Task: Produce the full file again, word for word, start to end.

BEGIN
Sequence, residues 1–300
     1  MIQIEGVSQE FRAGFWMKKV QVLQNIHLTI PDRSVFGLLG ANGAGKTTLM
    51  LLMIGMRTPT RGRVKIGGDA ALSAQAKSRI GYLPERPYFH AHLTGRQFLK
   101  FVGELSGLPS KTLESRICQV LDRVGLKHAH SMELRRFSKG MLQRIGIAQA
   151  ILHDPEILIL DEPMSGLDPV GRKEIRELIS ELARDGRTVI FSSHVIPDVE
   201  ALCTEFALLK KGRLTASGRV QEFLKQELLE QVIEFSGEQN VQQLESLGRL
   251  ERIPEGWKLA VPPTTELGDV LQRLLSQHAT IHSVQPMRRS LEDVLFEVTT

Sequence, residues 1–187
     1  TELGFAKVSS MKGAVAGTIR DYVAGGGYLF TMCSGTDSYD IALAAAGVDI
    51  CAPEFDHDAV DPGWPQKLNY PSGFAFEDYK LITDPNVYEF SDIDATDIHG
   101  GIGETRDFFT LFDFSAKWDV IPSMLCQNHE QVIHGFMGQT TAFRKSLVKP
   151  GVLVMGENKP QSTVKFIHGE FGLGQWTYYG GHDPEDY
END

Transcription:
Sequence, residues 1–300
     1  MIQIEGVSQE FRAGFWMKKV QVLQNIHLTI PDRSVFGLLG ANGAGKTTLM
    51  LLMIGMRTPT RGRVKIGGDA ALSAQAKSRI GYLPERPYFH AHLTGRQFLK
   101  FVGELSGLPS KTLESRICQV LDRVGLKHAH SMELRRFSKG MLQRIGIAQA
   151  ILHDPEILIL DEPMSGLDPV GRKEIRELIS ELARDGRTVI FSSHVIPDVE
   201  ALCTEFALLK KGRLTASGRV QEFLKQELLE QVIEFSGEQN VQQLESLGRL
   251  ERIPEGWKLA VPPTTELGDV LQRLLSQHAT IHSVQPMRRS LEDVLFEVTT

Sequence, residues 1–187
     1  TELGFAKVSS MKGAVAGTIR DYVAGGGYLF TMCSGTDSYD IALAAAGVDI
    51  CAPEFDHDAV DPGWPQKLNY PSGFAFEDYK LITDPNVYEF SDIDATDIHG
   101  GIGETRDFFT LFDFSAKWDV IPSMLCQNHE QVIHGFMGQT TAFRKSLVKP
   151  GVLVMGENKP QSTVKFIHGE FGLGQWTYYG GHDPEDY